Those familiar with A Storm of Light’s pedigree won’t be surprised by Forgive Us Our Trespasses (Neurot, 2009). Vocalist/guitarist Josh Graham’s involvement with Neurosis and Red Sparowes rubbed off on his musical inclinations. As on ASOL’s debut And We Wept the Black Ocean Within, the band erects massive songs of epic ambition not unlike Neurosis. In its weakest moments, the album too closely resembles that progenitor of the form. From tempestuous swells to eerie passages bathed in violins, ASOL readily adopt some of Neurosis’ finest attributes. It helps that the band exudes confidence in crafting and performing this material.
Despite those similarities, ASOL boasts impressive qualities. Throughout the album, the musicians incorporate a refreshing variety of sounds and techniques. “The Light in Their Eyes” bears similarities to classical or symphonic music, while a trio of songs/interludes called “Law of Nature” adds a welcome weirdness.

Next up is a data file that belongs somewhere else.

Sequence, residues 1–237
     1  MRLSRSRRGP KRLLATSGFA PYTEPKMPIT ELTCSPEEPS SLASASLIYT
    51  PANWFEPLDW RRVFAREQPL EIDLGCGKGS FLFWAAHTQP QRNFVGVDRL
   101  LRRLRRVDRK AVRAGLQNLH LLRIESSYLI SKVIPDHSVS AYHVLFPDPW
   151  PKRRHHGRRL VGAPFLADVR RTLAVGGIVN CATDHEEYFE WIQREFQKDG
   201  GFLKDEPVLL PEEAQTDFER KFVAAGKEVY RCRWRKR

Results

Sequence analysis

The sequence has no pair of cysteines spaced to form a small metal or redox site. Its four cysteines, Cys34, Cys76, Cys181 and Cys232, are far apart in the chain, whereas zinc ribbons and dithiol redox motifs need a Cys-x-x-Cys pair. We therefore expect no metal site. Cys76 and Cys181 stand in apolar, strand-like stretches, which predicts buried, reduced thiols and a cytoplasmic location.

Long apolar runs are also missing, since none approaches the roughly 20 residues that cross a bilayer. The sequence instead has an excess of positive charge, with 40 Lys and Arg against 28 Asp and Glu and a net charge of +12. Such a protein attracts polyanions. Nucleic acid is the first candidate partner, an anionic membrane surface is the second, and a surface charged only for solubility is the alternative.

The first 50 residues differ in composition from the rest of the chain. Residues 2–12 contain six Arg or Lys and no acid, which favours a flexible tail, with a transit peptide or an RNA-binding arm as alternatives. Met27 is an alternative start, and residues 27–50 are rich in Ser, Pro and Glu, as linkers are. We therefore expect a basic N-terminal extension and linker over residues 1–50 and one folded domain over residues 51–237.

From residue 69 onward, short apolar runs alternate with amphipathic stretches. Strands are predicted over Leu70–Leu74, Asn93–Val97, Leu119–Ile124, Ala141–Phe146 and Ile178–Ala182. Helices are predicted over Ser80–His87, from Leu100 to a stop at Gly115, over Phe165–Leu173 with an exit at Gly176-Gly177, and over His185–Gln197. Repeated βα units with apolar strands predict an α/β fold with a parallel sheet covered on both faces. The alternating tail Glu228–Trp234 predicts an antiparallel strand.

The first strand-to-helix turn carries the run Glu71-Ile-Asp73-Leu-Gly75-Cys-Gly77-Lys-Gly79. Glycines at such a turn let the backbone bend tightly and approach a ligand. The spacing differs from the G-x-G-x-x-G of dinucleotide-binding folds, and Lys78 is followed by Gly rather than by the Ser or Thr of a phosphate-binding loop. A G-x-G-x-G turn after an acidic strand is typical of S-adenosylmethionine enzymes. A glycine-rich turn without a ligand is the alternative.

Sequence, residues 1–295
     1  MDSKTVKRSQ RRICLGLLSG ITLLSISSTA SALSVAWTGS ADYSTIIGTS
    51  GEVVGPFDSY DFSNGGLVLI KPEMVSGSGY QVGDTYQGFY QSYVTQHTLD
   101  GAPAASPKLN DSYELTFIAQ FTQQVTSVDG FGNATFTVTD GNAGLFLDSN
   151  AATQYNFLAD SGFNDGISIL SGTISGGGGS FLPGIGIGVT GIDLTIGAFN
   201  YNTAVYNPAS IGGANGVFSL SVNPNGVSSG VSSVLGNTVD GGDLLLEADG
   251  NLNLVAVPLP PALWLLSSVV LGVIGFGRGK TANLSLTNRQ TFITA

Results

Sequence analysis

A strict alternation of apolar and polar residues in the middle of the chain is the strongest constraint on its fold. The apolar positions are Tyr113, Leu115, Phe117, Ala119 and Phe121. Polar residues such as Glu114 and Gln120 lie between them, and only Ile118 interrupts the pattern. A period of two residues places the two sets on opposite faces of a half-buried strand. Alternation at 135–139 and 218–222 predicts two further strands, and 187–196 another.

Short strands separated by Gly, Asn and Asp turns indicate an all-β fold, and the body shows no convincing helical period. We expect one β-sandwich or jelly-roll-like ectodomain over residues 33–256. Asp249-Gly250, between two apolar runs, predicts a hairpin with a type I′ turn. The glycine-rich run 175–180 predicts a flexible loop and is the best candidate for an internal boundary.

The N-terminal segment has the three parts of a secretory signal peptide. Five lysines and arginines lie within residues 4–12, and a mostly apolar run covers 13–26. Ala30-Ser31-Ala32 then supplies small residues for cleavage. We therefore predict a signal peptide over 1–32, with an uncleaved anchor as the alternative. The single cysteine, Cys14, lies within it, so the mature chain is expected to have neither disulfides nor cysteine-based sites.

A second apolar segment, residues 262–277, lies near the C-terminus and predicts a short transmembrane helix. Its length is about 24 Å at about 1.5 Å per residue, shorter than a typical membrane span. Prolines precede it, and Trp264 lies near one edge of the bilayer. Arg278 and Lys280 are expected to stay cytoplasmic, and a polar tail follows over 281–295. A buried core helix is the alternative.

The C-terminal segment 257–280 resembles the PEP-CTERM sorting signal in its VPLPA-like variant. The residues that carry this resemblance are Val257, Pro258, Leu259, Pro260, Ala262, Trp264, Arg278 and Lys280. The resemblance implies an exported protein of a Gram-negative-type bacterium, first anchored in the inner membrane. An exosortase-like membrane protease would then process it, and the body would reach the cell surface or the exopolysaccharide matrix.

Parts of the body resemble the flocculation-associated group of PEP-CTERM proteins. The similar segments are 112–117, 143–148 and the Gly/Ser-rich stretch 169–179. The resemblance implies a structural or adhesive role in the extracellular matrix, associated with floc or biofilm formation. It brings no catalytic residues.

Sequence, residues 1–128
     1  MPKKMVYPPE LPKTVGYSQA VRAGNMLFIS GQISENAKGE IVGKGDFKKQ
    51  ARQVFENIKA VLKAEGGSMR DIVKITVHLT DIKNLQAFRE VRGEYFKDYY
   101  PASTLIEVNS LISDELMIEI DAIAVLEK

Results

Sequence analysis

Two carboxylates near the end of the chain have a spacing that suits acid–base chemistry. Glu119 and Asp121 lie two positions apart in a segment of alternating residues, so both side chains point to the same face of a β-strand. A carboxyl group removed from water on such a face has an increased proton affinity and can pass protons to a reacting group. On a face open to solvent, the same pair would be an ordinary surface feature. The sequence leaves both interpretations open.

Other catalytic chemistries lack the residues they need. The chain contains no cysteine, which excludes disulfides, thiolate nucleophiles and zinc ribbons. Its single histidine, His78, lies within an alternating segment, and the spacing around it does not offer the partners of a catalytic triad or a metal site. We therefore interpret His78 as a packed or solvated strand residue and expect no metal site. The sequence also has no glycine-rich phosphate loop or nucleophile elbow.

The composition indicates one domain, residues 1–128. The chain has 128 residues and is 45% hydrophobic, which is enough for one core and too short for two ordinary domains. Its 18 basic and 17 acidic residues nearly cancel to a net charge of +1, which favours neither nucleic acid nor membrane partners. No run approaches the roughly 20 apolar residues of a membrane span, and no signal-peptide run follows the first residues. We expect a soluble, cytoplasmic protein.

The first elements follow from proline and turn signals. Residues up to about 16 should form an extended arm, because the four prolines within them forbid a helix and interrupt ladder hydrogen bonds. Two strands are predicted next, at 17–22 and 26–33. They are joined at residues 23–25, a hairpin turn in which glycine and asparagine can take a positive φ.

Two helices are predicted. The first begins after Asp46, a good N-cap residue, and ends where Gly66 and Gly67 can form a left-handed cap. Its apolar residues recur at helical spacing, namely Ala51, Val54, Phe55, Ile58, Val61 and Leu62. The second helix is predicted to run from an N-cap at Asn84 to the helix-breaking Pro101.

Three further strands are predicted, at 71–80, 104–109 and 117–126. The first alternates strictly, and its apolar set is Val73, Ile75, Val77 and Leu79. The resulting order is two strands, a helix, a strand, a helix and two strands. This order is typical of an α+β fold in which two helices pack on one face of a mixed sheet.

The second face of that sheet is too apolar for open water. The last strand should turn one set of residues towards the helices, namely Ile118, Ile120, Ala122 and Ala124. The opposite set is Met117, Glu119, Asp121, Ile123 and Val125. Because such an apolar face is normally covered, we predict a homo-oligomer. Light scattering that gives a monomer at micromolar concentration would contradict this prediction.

Graham’s vocals most differentiate the band. His deep, clean voice perfectly suits ASOL. It adds a melodic, almost pop quality absent from most that attempt Neurosis’ approximation of what it termed “spiritual warfare.” This is best evidenced on “Trouble is Near,” a plodding song that seesaws heaviness with quieter passages. I’d like to hear A Storm of Light explore the melodic and experimental dimensions of their sound. The world doesn’t need another attempt to recreate Through Silver in Blood.